My doctor told me women my age should lift weights.
Pause right there. “Women my age?”
One perk of moving back to suburbia is living within a few miles of my former gym. Since I took my membership card to Mexico twelve years ago, and then brought it back, I figured I’d take a shot and see if I still existed in their system.
I opened the glass door in a slightly self-conscious manner and approached a young, over-bubbly staff member.
“Hi! Can I help you?”
“Uhh, yes… are there a maximum amount of years you’ll hold a frozen account?”
“I don’t think so. Let me check.”
Pretty sure my card and cheesy holder were older than he was, but I presented it anyway.
“Don’t laugh, but I saved this from 1996. Do you think it will still scan?”
“Oh wow, that is old. Let’s see… Carrie?”
I couldn’t believe it! I thought I was lost, but apparently I was found.
“Are you still on Saskia Pass?”
“Uh, no—that was 21 years ago. But before we go on, does it show my monthly fee?”
That’s what I’m talkin’ about.
After retrieving my new digits and dwelling, he scanned both of my index fingers three times, smiled and said, “You’re all set! Here’s a class schedule, and if you need a padlock we have them for ten dollars.”
Ten? The last time I bought a padlock was in junior high for about $1.49. So being the frugal girl I am, I took my purse out to my car and locked it in the trunk.
Upon re-entry I avoided the scary, confusing machines and headed to the familiar ellipticals. They changed a
little lot in the past dozen years and I couldn’t find the “on” button.
Pride kept me from asking my neighbor how to start the dang thing, so I grabbed my phone and pretended to do something important while hovering 18 inches above the carpet and looking past my screen to the complex dashboard.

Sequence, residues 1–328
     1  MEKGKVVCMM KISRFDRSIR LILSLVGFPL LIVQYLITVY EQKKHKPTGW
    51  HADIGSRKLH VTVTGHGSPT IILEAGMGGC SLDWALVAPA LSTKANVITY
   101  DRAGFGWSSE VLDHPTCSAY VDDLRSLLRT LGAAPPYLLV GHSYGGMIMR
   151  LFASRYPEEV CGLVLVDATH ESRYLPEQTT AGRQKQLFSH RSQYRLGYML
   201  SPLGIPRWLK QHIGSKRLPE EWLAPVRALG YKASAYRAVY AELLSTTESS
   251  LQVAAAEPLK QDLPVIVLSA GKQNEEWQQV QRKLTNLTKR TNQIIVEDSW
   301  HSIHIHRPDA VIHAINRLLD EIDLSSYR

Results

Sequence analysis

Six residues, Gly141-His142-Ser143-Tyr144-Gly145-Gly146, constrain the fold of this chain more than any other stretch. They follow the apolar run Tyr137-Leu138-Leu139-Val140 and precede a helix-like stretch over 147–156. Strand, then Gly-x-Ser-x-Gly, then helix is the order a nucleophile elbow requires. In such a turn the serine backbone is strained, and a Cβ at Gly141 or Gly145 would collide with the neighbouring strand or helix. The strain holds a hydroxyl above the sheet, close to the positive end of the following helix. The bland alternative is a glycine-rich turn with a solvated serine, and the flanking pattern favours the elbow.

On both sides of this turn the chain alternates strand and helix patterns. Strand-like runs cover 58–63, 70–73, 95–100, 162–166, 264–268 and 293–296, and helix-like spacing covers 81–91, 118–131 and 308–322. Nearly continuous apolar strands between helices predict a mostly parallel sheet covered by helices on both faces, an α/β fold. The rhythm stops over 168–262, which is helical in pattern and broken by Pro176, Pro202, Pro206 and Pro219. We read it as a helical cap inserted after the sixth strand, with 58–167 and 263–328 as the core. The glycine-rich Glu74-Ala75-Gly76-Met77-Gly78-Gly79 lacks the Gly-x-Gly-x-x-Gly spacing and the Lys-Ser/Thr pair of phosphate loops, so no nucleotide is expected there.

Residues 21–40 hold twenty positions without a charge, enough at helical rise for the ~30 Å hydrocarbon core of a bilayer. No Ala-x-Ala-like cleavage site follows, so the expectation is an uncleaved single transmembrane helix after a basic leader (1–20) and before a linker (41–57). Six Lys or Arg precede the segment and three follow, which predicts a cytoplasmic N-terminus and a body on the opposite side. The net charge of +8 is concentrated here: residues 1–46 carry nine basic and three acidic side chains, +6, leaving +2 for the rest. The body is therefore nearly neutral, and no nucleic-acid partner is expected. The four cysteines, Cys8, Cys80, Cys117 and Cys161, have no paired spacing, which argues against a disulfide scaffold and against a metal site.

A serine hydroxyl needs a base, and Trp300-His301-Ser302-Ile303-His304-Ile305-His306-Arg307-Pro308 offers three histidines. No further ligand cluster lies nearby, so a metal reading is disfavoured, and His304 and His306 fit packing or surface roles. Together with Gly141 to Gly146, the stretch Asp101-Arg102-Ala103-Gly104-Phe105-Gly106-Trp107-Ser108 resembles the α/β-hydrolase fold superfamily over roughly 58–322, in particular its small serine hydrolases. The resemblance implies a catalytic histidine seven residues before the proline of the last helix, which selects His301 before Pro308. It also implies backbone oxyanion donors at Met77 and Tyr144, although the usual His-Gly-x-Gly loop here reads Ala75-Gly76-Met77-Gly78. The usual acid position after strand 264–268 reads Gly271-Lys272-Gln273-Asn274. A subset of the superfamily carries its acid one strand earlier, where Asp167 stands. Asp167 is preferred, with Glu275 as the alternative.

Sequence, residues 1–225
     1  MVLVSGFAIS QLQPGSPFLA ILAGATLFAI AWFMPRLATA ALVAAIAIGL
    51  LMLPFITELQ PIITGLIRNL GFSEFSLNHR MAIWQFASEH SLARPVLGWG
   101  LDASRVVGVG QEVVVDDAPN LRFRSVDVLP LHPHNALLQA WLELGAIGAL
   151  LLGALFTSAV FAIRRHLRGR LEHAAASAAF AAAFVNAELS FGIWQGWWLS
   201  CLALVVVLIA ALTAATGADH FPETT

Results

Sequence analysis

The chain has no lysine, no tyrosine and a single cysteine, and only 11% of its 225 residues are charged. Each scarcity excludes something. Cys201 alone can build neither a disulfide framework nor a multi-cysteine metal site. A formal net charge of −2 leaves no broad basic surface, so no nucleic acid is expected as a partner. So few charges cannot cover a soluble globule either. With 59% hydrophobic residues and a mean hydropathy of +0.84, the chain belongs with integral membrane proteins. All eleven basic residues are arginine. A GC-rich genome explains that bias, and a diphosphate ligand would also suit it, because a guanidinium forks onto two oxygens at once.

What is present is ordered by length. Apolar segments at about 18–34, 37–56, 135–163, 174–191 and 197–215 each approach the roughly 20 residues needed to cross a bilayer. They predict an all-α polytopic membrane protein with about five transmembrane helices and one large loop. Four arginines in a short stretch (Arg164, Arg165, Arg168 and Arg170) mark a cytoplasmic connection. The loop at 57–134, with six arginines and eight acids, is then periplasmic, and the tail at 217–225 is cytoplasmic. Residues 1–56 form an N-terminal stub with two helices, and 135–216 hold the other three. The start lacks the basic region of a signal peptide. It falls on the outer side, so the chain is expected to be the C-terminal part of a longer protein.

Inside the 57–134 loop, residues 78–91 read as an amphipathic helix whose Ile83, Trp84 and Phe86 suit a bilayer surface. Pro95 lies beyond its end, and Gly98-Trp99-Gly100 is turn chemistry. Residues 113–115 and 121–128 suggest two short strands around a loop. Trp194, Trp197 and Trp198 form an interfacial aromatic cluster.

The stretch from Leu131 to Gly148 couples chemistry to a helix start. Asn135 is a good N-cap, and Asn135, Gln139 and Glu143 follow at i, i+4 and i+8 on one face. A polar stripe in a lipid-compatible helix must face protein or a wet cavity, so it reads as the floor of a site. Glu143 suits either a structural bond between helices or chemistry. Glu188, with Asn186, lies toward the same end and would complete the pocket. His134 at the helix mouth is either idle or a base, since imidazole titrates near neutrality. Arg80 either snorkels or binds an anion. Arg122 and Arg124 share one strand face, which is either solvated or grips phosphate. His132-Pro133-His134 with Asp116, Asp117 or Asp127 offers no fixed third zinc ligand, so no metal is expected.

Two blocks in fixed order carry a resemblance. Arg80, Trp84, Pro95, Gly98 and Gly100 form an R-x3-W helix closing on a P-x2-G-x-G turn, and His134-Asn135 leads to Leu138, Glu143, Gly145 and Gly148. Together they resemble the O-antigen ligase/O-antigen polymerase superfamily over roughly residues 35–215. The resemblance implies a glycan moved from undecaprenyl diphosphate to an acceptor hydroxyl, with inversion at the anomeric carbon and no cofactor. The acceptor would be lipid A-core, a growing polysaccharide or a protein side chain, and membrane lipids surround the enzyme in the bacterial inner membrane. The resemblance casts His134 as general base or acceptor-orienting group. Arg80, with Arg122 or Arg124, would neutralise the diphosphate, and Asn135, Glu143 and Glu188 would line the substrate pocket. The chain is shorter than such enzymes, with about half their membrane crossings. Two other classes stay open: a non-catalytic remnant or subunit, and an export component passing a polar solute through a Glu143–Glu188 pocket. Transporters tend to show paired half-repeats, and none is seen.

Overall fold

After an awkwardly long stint I remembered something about how the lights come on if you start walking.
Kinda like moving forward, trusting God will reveal His plan if I just begin? Exactly.
Lights illuminated and I started strong, but my body quickly reminded me of my newbie status. A returning-rookie-from-south-of-the-border. The last time I set foot in a gym was before I had sagging pit skin and I could easily bench press a toddler. I’d waltz in, jump on these machines and log 30-40 minutes, no problem.
I was not cocky, I was confident. There’s a difference.
Now I dealt with shifty eyes, an insecure pulse and an absence of courage.
Legs burning, back whining and sweat glands sweating, I lowered the incline, searched for distractions and swiped my phone to a podcast.
I forgot to steal my husbands earbuds though, so after about 15 minutes of uncomfortable leaning toward the dashboard to hear my understated entertainment, I halted in order to document the first day and prove I didn’t just wander between the bathroom and barbells.
And that’s when my machine sent me a nasty message:
Excuse me? I stopped on purpose. And why are you asking me to pedal? This is not a bike. Did your coder save money by putting the same message on every apparatus? I don’t need this—I’m moving on to someone who will treat me and my quads better.
They told me the popular/crowded class required sign-ups, so I shot for the moon and grabbed a pass 70 minutes early.
I can go run an errand and slide into class right before it starts with a saved spot? How cool is that?
I returned at 9:28 a.m. and stood outside the separate room, waiting for the previous class to empty.